SF the first to transition from asphalt to digital infrastructure
Above: Patrons of People’s Cafe in Upper Haight, San Francisco. Soon they’ll be able to work via their laptops too…
As we all know, since 1949 the government’s been paying for all our roads (ie our asphalt infrastructure), but since the advent of the internet we’ve had to pay for it. Well, San Francisco is the first city to sign a contract to provide free wi-fi and internet for all in the city… a digital infrastructure. Earthlink is providing the wi-fi network, and Google the free internet access.
What’s the significance? As an envious Pasadena entrepreneur puts it, “It’s also good for the continued development and maturation of what Richard Florida dubbed The Creative Class. Cities that offer free WiFi service will do much to attract the young, the hip, the creative, the geeky, the artists and entrepreneurs and aspirers who breathe life, business, and spending into the urban… It’s time for the Powers That Be in Pasadena to beg and worship and plead with Google/EarthLink to bring some of the free WiFi love to Pasadena.”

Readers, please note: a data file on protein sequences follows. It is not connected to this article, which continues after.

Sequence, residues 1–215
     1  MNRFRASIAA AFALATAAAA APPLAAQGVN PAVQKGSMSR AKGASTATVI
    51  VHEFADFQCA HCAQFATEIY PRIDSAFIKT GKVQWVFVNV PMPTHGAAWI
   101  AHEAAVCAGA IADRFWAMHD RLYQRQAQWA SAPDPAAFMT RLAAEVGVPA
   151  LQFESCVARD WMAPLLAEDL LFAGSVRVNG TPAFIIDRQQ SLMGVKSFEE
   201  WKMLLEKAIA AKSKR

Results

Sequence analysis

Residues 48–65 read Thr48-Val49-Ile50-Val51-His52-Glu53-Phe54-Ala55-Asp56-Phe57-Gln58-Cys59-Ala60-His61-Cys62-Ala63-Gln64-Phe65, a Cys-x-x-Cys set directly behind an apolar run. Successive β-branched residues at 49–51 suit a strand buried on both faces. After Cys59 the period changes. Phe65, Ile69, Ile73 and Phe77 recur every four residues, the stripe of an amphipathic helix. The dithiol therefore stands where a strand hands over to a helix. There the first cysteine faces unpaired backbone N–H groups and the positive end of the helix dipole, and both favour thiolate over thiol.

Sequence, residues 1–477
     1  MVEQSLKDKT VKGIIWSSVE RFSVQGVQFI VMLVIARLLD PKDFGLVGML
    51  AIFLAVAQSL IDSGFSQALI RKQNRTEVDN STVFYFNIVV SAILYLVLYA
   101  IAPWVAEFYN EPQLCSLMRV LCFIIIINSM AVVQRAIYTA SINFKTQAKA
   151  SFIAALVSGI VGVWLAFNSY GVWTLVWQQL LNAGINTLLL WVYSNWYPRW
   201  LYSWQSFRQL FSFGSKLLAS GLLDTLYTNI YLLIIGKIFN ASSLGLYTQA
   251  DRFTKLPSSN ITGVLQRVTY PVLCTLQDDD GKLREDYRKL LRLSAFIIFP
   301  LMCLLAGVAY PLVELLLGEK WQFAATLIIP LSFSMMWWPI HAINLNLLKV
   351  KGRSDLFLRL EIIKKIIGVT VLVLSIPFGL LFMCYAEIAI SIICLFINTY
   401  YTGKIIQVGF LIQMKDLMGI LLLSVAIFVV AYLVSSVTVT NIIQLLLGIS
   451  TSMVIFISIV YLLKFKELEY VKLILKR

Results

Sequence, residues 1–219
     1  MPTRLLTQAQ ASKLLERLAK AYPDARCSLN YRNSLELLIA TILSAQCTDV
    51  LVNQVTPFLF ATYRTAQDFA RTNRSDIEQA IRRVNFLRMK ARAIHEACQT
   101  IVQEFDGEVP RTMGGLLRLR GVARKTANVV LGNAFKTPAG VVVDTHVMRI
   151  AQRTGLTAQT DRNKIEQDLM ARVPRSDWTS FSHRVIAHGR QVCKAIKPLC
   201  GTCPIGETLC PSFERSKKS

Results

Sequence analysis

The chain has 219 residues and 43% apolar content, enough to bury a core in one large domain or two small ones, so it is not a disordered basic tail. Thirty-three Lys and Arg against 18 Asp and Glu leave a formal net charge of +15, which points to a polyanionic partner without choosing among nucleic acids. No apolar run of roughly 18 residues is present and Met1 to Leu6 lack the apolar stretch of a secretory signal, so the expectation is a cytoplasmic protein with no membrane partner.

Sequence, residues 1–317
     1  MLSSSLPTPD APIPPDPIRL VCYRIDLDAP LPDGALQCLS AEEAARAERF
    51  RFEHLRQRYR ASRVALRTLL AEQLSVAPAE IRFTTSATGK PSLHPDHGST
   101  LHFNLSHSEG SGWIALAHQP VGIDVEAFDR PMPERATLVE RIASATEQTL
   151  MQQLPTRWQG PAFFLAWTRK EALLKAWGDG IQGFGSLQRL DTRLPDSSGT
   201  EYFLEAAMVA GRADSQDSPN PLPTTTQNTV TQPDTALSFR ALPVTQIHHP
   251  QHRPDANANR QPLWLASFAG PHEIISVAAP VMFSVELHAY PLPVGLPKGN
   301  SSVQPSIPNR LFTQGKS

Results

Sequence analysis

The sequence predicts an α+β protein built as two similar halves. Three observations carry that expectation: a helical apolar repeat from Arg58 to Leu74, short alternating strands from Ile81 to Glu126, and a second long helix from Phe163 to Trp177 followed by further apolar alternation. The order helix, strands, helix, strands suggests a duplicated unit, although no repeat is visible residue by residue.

It also means in an ever increasing information-based economy, we’ll be relying less and less on vehicular traffic and experiencing less downtime in traffic congestion, and more on literally working wherever, whenever we want for pennies a day (the equivalent of taxes.) No other U.S. city can claim that for every single resident as far as I know. Internationally, that’s another story.
This story would have been published several hours sooner if DC had city-wide wi-fi as well…
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